A magnetic locator works in a very simple way. Magnets produce external magnetic fields. Fields emanating from and returning from the object are bipolar, that is, they have a positive pole and a negative pole. This external field determines the magnet strength. A magnetic locator can detect two types of magnetic fields produced by underground ferrous objects. Our planet's magnetic field is naturally weak. All ferrous objects have this field, and it is always positive in the Northern Magnetic Hemisphere. We can also create magnetic fields artificially. These are usually strong fields. The field orientation of an object depends on how it is magnetized. Magnetic locators detect different magnetic field strengths by using two parallel sensors vertically separated. Whenever a ferrous object is nearby, the lower sensor detects a stronger field than the upper, resulting in a response, whether it be an audio signal or a number.
What Is a Metal Detector?
Metal detectors transmit electromagnetic fields from their search coils into the ground. Metal targets within the metal detector's electromagnetic field that become energized and send out their own electromagnetic field will trigger the detector.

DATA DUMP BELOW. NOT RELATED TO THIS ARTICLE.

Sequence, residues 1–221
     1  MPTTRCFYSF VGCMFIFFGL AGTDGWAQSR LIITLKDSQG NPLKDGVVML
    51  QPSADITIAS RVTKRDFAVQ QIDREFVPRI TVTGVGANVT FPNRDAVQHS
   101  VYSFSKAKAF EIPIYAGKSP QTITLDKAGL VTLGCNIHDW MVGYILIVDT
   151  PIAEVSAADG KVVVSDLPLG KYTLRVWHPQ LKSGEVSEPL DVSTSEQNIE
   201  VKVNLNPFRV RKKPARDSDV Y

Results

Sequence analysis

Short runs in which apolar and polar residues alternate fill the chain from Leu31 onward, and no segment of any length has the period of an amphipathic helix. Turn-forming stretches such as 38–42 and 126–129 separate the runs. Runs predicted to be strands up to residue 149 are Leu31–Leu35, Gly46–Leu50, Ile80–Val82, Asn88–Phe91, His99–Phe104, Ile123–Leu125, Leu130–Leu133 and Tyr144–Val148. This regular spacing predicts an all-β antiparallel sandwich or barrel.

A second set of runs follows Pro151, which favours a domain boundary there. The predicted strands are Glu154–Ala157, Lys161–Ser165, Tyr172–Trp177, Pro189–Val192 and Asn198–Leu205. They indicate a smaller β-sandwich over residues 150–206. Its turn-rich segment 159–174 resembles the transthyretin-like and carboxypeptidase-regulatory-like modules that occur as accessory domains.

Industrial metal detectors allow utility professional to locate buried power lines, water mains, gas mains, cable TV cables and other utilities. Similar technology is used by hobbyists to locate items such as lost valuables, money, or other items. Metal detectors differ from magnetic locators in some ways. For one, a metal detector can locate any type of metal, both ferrous and non ferrous metals. Magnetic locators can be considered a niche item. They find only ferrous metals such as oil tanks, iron rebar and other buried iron or steel objects. You can use a metal detector in various soil types to locate metallic items. In addition, metal detectors are generally cheaper than magnetic locators.
Making the Choice: Magnetic Locator or Metal Detector?